I was completely blindsided by these discoveries. I mean, all my life I had believed "Catholics worship Mary." It was quite clear that these nuns weren't worshipping Mary. Rather, they were joining with Mary in worshipping Jesus!
What other human being knew Jesus more intimately than His own mother? Praying the Rosary was like sitting down with the one person who knew Jesus best and letting her take you through the events of her Son's life.
Still, I was pretty leery of praying the Rosary myself. But sometimes I murmured along with the nuns because, in spite of myself, the prayers soothed my anxiety and helped me focus. It was a form of prayer totally foreign and unfamiliar to the extemporaneous, "popcorn praying" style I had learned from childhood.
As I began to find great comfort in listening to these prayers, I simultaneously realized that this was NOT the empty, repetitive praying I had been warned against. This was prayer with purpose and deep intention. This was structured prayer that simply allowed me to fall into something more profound than myself.
I can't tell you the relief I felt. What I'd often referred to as "empty ritual" was becoming nothing less than a lifeline pulling me to safety.
Devotion to Mary did not detract from devotion to God. Indeed, it seemed to compliment it. How often had I appreciated other heroes of the faith whom God chose to use? God chose Mary to physically participate in the story of redemption. And isn't God big enough to bring along a grand entourage of co-participants?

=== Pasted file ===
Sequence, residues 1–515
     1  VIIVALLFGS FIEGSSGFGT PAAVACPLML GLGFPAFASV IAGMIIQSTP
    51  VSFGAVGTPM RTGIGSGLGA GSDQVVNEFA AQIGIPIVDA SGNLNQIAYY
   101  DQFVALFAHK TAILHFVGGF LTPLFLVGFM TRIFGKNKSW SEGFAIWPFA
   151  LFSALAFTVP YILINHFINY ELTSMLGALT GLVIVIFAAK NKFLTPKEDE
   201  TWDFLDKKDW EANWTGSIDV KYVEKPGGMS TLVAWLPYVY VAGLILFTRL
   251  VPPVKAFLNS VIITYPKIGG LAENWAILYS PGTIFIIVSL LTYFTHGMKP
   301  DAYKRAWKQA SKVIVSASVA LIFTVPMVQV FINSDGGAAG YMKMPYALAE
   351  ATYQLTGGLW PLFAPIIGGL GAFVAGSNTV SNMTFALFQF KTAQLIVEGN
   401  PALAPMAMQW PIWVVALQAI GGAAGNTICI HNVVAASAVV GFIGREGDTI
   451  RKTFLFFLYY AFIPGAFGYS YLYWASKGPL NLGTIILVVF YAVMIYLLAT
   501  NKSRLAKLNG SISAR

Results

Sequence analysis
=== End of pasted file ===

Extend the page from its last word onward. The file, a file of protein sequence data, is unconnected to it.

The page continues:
In other words, who am I to belittle or demean or simply neglect those whom God has clearly chosen to use?
I had never considered the life of Jesus through the eyes of His mother. I had never walked that road or seen His life from her viewpoint. But as I began to pray the Rosary–albeit falteringly and disjointedly–I began to catch an altogether different view of Jesus.
Jesus was full of love. Jesus loved his Mother. Jesus loved women.
The strongest impression I had of Mary and Jesus was how much they loved each other. She never abandoned Him–even when most everyone else had.
I began to understand some of her titles like "Mother of Sorrows." Could it be that Mary understood and sympathized with my sorrows? For so long I had been confused and unable to talk to God.
But now…could it be that I could run to Mary and pour out my heart to her? When I was afraid of talking to God directly, would Mary perhaps hear my cries for help and intercede to God on my behalf?
Could this be what Catholics meant when they said: "If you can't find Jesus, look for His Mother"?
I was finding Mary and she was gently leading me back to Jesus–her Son who never forgot her.
Even as He hung dying upon the cross, He looked down and seeing His mother, committed her into the care of the disciple John.
Jesus loved His mother.
If Jesus loved her, that was enough for me. I was no longer going to ignore her.
I was going to love her, too.
**Sincere questions are always welcome but comments that disparage Catholics and/or Mary will not be published. There is so much misinformation and misunderstanding among Protestants regarding Mary that I have chosen not to perpetuate this on my blog. Thank you for understanding.**